Combining films with personal finance, Debbie Harrison's new book, The Money Zone, provides an alter...
Combining films with personal finance, Debbie Harrison's new book, The Money Zone, provides an alternative to the stale thinking on how young people should plan for the future.
From the outset Harrison, who is regular contributor to the Financial Times and Investment Week, informs readers that they should forget about linking happiness to the three financial objectives of getting a steady job (preferably for life), buying a house and looking after the pennies and the pounds will look after themselves.
She says: "Unlike flares, steady jobs for life went out in the 1970s and will not be coming back.
"Buying a house might be a good idea but only if you know you are going to stay put for at least five years.
"As for those pennies, if you spend your time looking after pennies, that's what you will end up with."
Instead she offers advice which is for today's world not yesterday's. The book warns that if you do not plan your financial future before university you could end up spending your 20s paying the Government for the privilege of your higher education.
Alternatively, by getting more organised, you could find yourself with a good job and renting a "cool flat". The point is that with minimal planning you can get the life you want now, not in 15 years time when you will be too tired to enjoy it.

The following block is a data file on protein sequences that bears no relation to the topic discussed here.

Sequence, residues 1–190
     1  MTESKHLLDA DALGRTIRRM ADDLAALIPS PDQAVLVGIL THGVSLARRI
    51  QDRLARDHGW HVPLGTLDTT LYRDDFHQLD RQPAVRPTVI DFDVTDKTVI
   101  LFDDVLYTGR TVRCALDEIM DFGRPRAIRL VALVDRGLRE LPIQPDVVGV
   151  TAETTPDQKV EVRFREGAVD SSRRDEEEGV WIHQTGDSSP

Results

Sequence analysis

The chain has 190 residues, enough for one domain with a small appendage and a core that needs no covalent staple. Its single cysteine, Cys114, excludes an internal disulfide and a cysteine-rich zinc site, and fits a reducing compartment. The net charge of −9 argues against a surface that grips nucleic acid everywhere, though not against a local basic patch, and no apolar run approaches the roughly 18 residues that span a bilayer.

The Money Zone begins by covering a period when many peoples' financial worries start: university.
The easy to read book guides the reader through the complex world of student loans, tuition fees and debt.
Intermingled with the sound advice, it offers quotations from films to add the light relief that many people require when reading about financial planning.
One of the best film quotes used in the book is when Harrison turns her attention to the different kinds of financial advisers available to investors and their usefulness.
She quotes Gordon Gekko in the film Wall Street: "You're walking around blind without a cane, pal. A fool and his money are lucky enough to get together in the first place."
Apart from covering areas such as financing your further education and the usefulness of intermediaries, Harrison's book covers a broad range of subjects from taxation issues and buying a house through to pensions and investing in equities.
In each chapter there are summaries of key points and useful addresses and telephone numbers to contact for further information.
As a reference book for an independent financial adviser it is probably going over old ground but the way the book is laid out and its easy style, mean intermediaries would probably still find it useful for ideas on how to present more complicated issues to clients.
What makes this book stand out from other similar publications is the way it has successfully tackled a very complicated subject without being too high brow.
If nothing else Harrison provides the reader with the confidence to deal with financial issues which so many people are afraid of.
This book is published by Financial Times Prentice Hall
Two global vehicles
'Further plug advice gap'
Must appoint separate CEOs and boards
Advisers do come out well
Will report to Mark Till